Risk Adjustment and Star Improvements

Risk Adjustment and Star Improvements: Potential Solutions to Curtail Soaring Medicare Affordability for Health Plans

Healthcare costs in the United States have been soaring for a while and have now reached a point where they are unaffordable for many people. It is estimated that U.S. healthcare spending grew 5.8 percent in 2015, reaching $3.2 trillion, or $9,990 per person. As a share of the nation's gross domestic product, health spending accounted for 17.8 percent.

The U.S. health insurance sector is under tremendous pressure to grow while maintaining a healthy bottom line. The reimbursement headwinds from CMS (Centers for Medicare & Medicaid Services) have never been stronger. At the same time, Medicaid and Medicare are among the fastest-growing lines of business for most health plans. In order for health insurance companies to grow, it is imperative for them to look at ways to reduce their overhead and divert the revenue from profitable members to the growing expenses of the unhealthier member population.

Risk Adjustment

To better prepare themselves for the new normal of health insurance, health plans need to start looking at alternate and innovative business models to optimize their spending, increase automation, and focus on keeping patients healthy. They need to also focus on virtual care, readmissions prevention and effective care management. One path to business optimization is to look at risk adjustment for Medicare Advantage patients.

The Medicare Advantage (MA) program is run by private health plans, where CMS wants an insurer to maintain a proportion of enrolled population. The patient population that chooses Medicare Advantage (MA) includes individuals with a wide variation in health and disease status. As millions of baby boomers enter the Medicare system, attention is turning to how to effectively address the high incidence of chronic illness among Medicare beneficiaries. According to CMS data, over two-thirds of Medicare beneficiaries, or 21.4 million people, had two or more chronic conditions in 2010.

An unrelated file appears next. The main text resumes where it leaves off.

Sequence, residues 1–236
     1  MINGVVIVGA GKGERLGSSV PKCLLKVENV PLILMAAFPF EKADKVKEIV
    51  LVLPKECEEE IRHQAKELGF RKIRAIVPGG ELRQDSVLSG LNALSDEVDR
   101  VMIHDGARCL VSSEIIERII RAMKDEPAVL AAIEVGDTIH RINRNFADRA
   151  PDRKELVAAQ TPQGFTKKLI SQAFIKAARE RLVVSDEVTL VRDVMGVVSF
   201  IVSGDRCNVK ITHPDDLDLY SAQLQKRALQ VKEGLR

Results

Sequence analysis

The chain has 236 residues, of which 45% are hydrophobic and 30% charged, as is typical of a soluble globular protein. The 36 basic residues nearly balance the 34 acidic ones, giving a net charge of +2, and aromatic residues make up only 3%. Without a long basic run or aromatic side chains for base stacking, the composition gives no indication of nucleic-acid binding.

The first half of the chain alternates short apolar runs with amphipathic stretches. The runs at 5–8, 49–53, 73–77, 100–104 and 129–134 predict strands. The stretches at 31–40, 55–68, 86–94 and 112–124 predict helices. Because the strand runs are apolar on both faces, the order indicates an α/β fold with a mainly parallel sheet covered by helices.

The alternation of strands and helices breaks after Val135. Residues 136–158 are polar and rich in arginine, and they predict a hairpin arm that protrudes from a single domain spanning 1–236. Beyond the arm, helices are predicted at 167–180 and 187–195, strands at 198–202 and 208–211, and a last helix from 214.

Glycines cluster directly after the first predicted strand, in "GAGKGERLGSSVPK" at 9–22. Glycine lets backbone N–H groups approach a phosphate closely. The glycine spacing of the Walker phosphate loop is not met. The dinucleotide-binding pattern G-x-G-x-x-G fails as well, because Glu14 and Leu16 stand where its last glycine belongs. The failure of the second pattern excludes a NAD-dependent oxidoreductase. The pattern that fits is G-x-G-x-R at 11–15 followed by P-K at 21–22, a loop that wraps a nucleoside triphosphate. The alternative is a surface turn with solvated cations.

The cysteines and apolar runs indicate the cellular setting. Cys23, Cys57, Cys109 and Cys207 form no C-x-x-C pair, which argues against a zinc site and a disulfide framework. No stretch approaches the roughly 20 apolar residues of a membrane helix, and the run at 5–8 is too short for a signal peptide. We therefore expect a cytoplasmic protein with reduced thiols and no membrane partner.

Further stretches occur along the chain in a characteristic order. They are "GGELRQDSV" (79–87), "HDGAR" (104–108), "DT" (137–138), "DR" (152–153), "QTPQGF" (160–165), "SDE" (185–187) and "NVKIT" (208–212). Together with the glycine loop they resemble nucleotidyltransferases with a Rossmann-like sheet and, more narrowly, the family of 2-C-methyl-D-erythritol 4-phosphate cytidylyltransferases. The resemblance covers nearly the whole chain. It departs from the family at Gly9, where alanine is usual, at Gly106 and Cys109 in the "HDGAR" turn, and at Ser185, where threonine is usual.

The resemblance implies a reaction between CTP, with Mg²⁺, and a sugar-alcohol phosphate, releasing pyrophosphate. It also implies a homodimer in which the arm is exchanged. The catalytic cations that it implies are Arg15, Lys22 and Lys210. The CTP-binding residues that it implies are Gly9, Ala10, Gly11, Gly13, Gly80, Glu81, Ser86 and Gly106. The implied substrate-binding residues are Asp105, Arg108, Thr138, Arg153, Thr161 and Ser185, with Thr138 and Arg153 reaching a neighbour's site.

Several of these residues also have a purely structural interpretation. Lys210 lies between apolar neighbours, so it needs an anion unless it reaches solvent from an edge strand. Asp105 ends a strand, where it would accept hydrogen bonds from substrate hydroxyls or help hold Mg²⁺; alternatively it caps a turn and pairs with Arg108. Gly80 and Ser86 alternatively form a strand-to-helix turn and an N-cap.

When reimbursing health plans, CMS calculates the amount per member per month based on a weightage associated with chronic conditions of each MA member. MA benchmark base rates are determined for each county and are then risk-adjusted for each enrollee to account for the cost differences associated with various diseases and demographic factors. The weightage is further calculated based on the age, gender and chronic conditions of the population. If no chronic conditions exist, the age and gender are considered for the weightage calculation.

At times, the weightage calculation is incomplete or might carry incorrect diagnosis codes. These incorrect and incomplete diagnosis codes are causing health plans to lose millions of unclaimed dollars. Health plans need to look carefully at these situations and adopt solutions, such as providing their own risk scores of the enrolled population. Also, machine-learning algorithms could find unrecorded conditions of each member based on the history of claims and matching symptoms.

The proper documentation of clinical diagnosis codes would not only help health insurers to improve their bottom lines, but would also meet the objectives of Medicare Advantage by identifying and treating illness in early stages. It could also lead to early intervention and related services members need based on their conditions.